Markham v. MarkhamAnnotate this Case
429 S.W.2d 320 (1968)
Donald W. MARKHAM, Plaintiff-Appellant, v. Audree E. MARKHAM, Defendant-Respondent.
Kansas City Court of Appeals, Missouri.
June 3, 1968.
*321 Wayne R. Starr, David A. Sawyer, Independence, for appellant.
DeWitt & Zeldin, Quinn, Peebles & Hickman, Kansas City, for respondent.
This is a contested divorce case which was tried on the husband's petition and the wife's cross-petition. After hearing the parties and their witnesses, the trial court entered a decree of divorce in favor of the wife. Custody of two minor children was placed with her during the school year with the husband to have reasonable rights of visitation at all times plus a more exclusive right during the summer vacations. The husband was further ordered to pay $50.00 per month per child for support and $25.00 per month as alimony. The child support payments were to abate during the summer months. The wife and mother was granted specific permission to remove the children from Missouri for an intended permanent residence in California. The husband and father has appealed, but he waives any objection to either the child support payments or alimony unless the findings of the trial court are reversed by finding him entitled to a divorce and general custody of the children.
The evidence discloses the parties were married July 10, 1960, in Martinez, California, and that they lived for approximately one and one-half years in a cottage owned by the wife's parents near Martinez. The cottage was located on a small tract adjacent to a five acre nursery owned and operated by her parents. It seems agreed that the parties were happy during this period, and the marital disharmony began after they moved to Kansas City in 1962. The resulting lack of happiness and the alleged causes thereof were presented to the trial court by the parties, and the eight witnesses called were equally divided in corroboration of the views of either. This may be seen from the conclusions set out in the briefs of both parties, and including a portion of each here will eliminate much of the necessity for detailing the testimony of all who testified. The husband asserts, "It is clear from the virtually undisputed testimony that the respondent (wife) is neither an innocent nor an injured party as a matter of law, that appellant (husband) is the innocent and injured party. * * * It is equally as clear from the testimony that the court erred in granting custody of the children to respondent, since such custody is detrimental to their best interest and welfare." The wife replies, "Nothing could be further from the truth. These witnesses established that respondent was a loving and caring mother who disciplined her children in an acceptable manner in the hopes they might grow up to be obedient and worthwhile children in spite of the poor environment in which their penurious father, the appellant, forced them to live."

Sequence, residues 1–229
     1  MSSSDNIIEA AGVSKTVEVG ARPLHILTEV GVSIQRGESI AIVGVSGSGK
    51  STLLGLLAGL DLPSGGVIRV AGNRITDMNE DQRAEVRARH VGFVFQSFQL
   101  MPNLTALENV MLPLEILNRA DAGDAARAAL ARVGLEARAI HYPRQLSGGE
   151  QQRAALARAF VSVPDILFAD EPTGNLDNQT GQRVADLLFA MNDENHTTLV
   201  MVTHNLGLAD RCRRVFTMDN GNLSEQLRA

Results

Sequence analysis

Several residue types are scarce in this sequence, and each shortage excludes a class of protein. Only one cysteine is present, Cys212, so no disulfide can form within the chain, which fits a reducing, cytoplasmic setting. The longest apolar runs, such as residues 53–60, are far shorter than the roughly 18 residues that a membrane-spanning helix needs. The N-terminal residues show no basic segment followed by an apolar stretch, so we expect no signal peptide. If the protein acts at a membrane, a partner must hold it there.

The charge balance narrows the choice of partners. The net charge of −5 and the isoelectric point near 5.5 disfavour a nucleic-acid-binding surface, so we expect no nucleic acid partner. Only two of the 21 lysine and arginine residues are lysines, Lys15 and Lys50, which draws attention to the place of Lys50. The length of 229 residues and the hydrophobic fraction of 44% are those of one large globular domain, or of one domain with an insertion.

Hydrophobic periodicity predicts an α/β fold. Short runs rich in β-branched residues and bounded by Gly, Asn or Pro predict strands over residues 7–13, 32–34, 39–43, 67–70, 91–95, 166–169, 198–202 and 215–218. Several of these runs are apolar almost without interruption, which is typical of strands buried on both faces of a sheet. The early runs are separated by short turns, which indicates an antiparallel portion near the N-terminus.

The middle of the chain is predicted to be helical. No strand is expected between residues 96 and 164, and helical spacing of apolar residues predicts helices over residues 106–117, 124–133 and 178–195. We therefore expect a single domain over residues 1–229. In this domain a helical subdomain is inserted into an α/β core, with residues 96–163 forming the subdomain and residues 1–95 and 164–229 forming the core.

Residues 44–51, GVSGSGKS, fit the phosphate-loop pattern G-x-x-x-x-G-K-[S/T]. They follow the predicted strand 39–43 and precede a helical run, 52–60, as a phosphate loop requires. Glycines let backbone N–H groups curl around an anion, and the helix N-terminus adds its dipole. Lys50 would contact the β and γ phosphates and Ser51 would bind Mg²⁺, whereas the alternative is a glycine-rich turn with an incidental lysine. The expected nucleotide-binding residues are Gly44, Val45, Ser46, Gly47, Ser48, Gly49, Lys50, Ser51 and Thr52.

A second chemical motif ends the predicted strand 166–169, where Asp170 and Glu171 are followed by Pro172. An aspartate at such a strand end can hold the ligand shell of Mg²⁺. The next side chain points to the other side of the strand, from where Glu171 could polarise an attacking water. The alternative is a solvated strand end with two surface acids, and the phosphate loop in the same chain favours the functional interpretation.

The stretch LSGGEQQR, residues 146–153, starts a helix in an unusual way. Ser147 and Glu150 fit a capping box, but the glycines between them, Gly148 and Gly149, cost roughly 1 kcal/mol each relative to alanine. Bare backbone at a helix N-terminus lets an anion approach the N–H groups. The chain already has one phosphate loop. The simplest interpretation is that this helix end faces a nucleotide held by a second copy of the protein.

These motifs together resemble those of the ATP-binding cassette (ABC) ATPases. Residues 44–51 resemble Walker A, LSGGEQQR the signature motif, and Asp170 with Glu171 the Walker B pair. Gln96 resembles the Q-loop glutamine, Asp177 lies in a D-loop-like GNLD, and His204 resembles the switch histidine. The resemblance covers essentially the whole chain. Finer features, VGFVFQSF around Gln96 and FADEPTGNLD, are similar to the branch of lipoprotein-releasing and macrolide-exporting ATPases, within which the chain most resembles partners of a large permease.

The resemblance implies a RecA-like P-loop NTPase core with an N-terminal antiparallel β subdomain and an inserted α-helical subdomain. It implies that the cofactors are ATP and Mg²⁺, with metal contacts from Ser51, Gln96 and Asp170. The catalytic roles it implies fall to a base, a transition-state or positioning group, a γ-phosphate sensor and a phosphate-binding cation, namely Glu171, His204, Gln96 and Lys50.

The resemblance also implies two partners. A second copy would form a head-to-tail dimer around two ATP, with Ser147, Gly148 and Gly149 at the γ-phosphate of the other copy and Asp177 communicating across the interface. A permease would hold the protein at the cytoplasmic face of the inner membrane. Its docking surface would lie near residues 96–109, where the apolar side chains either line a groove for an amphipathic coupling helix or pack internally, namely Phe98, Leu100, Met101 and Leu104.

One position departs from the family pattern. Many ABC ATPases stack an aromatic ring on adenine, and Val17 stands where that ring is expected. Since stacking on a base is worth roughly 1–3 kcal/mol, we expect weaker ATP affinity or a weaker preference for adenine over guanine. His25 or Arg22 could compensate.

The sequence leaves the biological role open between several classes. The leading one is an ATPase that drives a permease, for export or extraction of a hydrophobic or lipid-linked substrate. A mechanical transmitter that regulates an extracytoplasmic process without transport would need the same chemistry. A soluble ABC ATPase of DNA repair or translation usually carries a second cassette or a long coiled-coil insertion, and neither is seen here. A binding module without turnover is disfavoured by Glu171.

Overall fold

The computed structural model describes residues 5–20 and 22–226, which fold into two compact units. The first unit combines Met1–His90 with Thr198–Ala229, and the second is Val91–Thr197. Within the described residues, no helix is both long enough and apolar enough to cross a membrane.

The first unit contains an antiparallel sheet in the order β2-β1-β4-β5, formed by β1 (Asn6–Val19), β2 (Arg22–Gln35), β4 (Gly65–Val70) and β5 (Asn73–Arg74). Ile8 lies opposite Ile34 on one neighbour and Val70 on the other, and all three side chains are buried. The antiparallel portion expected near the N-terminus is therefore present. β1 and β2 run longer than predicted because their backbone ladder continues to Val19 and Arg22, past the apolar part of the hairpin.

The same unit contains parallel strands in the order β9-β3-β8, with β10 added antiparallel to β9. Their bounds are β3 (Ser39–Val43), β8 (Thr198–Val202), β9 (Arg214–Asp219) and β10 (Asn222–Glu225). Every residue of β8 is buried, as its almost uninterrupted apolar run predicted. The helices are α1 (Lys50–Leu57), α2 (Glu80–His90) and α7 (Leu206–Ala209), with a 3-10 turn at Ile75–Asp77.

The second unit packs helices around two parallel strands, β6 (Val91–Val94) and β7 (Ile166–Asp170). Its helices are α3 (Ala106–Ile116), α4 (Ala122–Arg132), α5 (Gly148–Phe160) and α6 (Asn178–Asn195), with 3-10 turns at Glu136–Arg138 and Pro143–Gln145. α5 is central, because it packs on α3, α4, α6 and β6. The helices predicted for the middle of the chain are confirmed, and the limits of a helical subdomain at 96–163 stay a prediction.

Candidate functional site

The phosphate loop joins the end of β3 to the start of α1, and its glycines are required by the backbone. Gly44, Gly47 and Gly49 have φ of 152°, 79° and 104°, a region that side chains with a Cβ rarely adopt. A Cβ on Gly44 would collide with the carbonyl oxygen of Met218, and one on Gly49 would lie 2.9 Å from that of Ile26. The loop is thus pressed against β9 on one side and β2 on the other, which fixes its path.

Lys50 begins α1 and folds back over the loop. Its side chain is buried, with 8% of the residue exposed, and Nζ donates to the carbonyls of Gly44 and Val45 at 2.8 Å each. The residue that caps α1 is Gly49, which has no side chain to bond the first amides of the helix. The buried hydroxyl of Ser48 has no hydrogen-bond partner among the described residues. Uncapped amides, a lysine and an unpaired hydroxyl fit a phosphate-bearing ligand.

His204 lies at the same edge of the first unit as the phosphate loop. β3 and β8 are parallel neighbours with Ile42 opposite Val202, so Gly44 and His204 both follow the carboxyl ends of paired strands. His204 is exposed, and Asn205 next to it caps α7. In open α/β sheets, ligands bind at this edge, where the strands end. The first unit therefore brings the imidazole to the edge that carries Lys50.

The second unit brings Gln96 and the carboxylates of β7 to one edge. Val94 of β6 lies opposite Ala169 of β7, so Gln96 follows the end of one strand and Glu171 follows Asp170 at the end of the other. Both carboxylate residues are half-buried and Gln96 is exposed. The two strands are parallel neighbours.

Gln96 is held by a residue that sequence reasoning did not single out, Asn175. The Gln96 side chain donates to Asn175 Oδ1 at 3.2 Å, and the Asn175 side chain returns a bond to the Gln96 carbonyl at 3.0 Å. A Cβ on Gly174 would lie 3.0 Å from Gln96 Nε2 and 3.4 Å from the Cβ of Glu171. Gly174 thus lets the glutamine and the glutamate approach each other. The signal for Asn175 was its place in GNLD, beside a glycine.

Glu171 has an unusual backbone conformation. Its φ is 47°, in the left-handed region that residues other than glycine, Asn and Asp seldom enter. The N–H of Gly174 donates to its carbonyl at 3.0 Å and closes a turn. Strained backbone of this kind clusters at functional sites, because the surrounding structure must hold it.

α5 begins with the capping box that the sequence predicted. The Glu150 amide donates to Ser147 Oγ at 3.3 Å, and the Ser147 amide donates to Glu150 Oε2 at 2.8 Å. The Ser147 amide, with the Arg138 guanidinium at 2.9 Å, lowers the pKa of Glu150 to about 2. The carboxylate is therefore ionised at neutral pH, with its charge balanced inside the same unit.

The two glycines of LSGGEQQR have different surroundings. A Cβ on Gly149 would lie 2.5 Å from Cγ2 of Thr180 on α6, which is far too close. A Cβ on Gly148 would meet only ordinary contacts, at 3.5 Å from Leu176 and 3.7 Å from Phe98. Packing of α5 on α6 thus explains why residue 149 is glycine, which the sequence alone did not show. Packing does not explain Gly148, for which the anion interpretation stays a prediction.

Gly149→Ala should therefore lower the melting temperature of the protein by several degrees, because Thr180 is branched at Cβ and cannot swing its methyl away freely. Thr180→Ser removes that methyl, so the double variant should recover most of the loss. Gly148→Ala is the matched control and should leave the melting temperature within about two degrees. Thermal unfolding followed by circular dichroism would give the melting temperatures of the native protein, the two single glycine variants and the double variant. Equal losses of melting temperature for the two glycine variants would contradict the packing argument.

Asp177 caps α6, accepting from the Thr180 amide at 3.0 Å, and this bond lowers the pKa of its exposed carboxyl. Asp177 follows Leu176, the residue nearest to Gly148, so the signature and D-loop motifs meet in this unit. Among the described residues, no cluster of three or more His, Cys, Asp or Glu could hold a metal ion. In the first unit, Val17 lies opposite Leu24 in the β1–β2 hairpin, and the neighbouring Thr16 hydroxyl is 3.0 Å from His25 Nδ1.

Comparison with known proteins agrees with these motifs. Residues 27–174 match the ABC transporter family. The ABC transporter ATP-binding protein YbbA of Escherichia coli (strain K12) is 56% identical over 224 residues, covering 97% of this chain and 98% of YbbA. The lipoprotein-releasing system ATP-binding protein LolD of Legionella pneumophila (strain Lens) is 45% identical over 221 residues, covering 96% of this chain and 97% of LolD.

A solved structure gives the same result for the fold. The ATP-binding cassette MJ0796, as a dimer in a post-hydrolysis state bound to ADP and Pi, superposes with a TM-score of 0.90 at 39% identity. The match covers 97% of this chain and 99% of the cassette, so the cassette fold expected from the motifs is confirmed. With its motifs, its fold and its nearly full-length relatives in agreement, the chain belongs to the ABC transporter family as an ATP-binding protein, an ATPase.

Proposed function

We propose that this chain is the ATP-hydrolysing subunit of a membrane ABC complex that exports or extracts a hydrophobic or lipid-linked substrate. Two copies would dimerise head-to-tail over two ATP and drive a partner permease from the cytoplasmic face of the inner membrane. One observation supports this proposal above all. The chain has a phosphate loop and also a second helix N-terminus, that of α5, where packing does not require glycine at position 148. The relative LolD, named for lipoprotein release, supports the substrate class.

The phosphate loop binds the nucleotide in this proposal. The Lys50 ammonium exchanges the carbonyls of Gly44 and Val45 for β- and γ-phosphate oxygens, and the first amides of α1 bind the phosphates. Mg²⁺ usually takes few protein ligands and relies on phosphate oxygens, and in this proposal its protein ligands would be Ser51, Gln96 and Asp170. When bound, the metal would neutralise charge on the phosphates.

The trial court by its decree confirmed the latter view of the evidence, and we approach the arguments of the husband that it was an incorrect finding. He first contends the wife was not shown to be either injured or innocent. She testified that he left the home intending not to return and declared that he was going to get a divorce. At this time he took the children and moved in with a brother and sister-in-law, and she could only see the children through a screen door. This fact was denied by the husband when he declared he was told to leave, but a neighbor had observed the mother being kept from the children. If for the moment we assume her innocence, the case of Smiley v. Smiley, Mo.App., 207 S.W.2d 862, is authority for holding that abandonment for any length of time constitutes an indignity. She further complained of the husband's penuriousness. It is undisputed that his yearly earnings were near $8,000.00, but that they lived in an admittedly run down house. This fact is not as disturbing as is that evidence showing no effort was made to replace as many as four broken windows and make other minor repairs. It was also shown that the wife had been provided six dresses during seven years of marriage. *322 After deciding to leave, he contributed about one dollar a day for her support. Recreation, if a necessity, seems to have been forgotten. Absent this trait, the other difficulties could easily have been avoided. This situation is unlike that we found in England v. England, 225 Mo.App. 725, 39 S.W.2d 429, wherein it was said: "The testimony shows the defendant is poor; but poverty, in itself, is not a sin, nor may it be held to amount to an indignity." However, non-support resulting from a refusal to support, when funds are available, could amount to mental cruelty and create an intolerable condition. We so held in Wright v. Wright, Mo.App., 239 S.W.2d 765, 766: "The testimony shows that defendant was penurious to the extent that it amounted to mental cruelty * * *." The wife further charges she was falsely accused of being "over-friendly" with other men. The term used is extremely vague but an effort was made to give it some derogatory connotation. For example, the husband testified his wife called his brother's home and first inquired where the brother was, what he was doing, and "then she would finally get around to asking my sister-in-law how she was." He testified the same thing had happened with the next door neighbors, and the wife there testified as to its falsity and threatened to sue the husband for such insinuations. The evidence offered to prove the allegation is too absurd to create a semblance of suspicion on our part the accusation could have been true, and, "Our courts of appeal repeatedly have held, and never to the contrary, that charges of infidelity without just cause are personal indignities." Tuttle v. Tuttle, Mo.App., 240 S.W. 509. The wife proved herself to have been an injured party under Section 452.010, V.A.M.S., and we look to see if she was also legally innocent. In doing this we need not find her to be "lilywhite," LeBeau v. LeBeau, Mo.App., 366 S.W.2d 515, as, "an `innocent' party is not required to conclusively prove freedom from all fault, or such exemplary conduct as excludes any misconduct or all unwise or uncalled-for acts. He or she need show only that, under all the circumstances of a particular case, he or she has not been guilty of conduct constituting a ground or grounds for divorce. * * *" Simon v. Simon, Mo., 248 S.W.2d 560, 563. One witness of the husband revealed no relationship to the parties and testified she had seen the wife slap the children five or six times. She obviously thought too hard. She said the wife had told her she wanted to return to California. Argument is made the sole reason was a desire of the wife to be near her parents and that the husband and children became unimportant to her. His mother testified she lived with the parties for a year and that the wife left the housework for her and that she was mean to the children. His sister-in-law had seen the wife whip the children. Her husband, the plaintiff's brother, testified as to the manner of correcting the children. He said, "Well, mostly their playing and noisy and she picks them up and beats them. She'd turn David over her knee and spank him hard. I mean it's not just a light spank, it's a hard spank. She doesn't know when to stop. I've seen her hit Patty in the back several times with her fist her hand, I mean." To counteract this testimony the wife offered a next door neighbor. She said, "I have never seen her mistreat them." Another neighbor stated, "Well, she's a good mother and she makes them mind, but I have never seen anything out of the way." Another said, "She always kept her house pretty nice. * * * They were always clean. She took real good care of the kids." Much of the testimony was conflicting, but each allegation of the husband was contradicted by the evidence offered by the wife. Of necessity and properly we defer to the finding of the trial court that the wife established her innocence. We do, however, agree with the husband that harsh and abusive treatment of a child, if proven, is an indignity to the other spouse. Greco v. Greco, Mo.App., 356 S.W.2d 558.